From Foucault to constructionist discourses: change without agency?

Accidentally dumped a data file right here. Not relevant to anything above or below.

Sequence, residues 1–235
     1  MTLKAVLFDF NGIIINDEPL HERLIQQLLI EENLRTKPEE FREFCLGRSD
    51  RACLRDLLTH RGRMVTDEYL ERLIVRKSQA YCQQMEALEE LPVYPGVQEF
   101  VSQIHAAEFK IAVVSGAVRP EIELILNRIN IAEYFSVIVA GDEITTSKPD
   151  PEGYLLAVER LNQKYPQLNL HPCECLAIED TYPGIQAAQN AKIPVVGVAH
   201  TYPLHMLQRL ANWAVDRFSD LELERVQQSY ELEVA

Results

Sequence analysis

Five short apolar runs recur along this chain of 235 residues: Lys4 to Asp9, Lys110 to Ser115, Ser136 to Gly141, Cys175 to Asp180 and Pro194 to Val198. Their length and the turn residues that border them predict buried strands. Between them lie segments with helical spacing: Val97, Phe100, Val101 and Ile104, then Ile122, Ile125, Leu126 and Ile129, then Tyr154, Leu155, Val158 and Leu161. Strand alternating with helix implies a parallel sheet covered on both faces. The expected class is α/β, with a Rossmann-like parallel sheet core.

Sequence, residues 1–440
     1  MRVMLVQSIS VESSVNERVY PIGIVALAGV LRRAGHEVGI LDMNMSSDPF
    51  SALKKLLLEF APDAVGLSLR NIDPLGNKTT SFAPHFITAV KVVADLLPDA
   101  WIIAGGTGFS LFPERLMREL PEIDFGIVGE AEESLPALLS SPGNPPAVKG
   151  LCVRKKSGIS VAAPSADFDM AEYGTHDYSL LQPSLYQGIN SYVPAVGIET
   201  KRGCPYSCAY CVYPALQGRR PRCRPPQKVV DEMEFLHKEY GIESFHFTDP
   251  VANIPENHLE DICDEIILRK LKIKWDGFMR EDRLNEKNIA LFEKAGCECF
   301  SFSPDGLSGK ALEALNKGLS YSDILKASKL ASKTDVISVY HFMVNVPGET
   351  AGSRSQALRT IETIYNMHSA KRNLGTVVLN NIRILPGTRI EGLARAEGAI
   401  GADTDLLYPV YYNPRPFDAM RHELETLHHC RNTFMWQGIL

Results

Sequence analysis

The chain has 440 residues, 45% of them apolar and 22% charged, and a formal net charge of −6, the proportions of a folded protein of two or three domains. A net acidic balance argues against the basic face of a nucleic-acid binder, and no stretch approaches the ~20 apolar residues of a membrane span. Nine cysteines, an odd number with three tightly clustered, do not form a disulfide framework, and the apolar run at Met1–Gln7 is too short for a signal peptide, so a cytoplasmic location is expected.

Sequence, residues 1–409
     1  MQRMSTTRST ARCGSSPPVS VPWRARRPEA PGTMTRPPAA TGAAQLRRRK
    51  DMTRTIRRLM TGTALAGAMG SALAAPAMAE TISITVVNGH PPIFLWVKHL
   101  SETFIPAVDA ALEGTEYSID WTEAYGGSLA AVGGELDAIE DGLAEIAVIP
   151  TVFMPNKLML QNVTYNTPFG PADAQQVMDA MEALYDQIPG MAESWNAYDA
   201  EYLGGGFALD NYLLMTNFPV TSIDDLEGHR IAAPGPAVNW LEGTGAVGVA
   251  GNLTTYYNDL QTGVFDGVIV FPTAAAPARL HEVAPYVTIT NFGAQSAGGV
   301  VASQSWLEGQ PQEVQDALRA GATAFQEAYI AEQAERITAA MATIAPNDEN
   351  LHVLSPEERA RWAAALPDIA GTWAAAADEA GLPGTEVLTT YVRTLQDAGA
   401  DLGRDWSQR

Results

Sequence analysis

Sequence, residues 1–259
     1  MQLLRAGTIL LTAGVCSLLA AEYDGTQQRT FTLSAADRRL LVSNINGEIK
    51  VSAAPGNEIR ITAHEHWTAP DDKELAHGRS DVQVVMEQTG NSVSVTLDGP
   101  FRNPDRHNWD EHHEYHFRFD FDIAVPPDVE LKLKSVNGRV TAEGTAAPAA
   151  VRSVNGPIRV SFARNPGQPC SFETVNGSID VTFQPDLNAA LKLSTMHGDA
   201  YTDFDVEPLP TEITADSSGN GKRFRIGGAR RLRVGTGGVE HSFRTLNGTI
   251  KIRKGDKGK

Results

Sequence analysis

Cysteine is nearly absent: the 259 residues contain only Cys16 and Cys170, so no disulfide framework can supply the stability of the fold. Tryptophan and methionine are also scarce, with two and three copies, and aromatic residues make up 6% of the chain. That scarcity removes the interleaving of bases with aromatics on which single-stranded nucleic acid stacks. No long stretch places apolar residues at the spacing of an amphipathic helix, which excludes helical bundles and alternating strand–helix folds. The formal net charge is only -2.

The pervasive influence of Michel Foucault’s work on postmodern organizational theory and social constructionist discourses of identity is often seen as an assault on the possibilities of agency and change in organizations (Reed 1997, 2000; Newton 1998). By decentring the epistemological and moral ‘subject’ of rationalism and humanist thought Foucault appears to remove human agents from centre stage (Carr 1997; Gergen 1999; Linstead 2004). We can no longer rely on the ontological security of subject-object dualisms that allowed us to believe we could gain objective scientific knowledge of the world and the mind. Instead, passive ‘subjects’ who are the conduits, bearers or sites of discourses of power/knowledge replace the individualist belief in agency as a universal manifestation of rationality, autonomy, choice and reflexivity (Giddens 1984). Nor are there class or gendered constructs of collective social subjects or actors to which we can refer the possibilities of action and change in the social world (McNay 2000).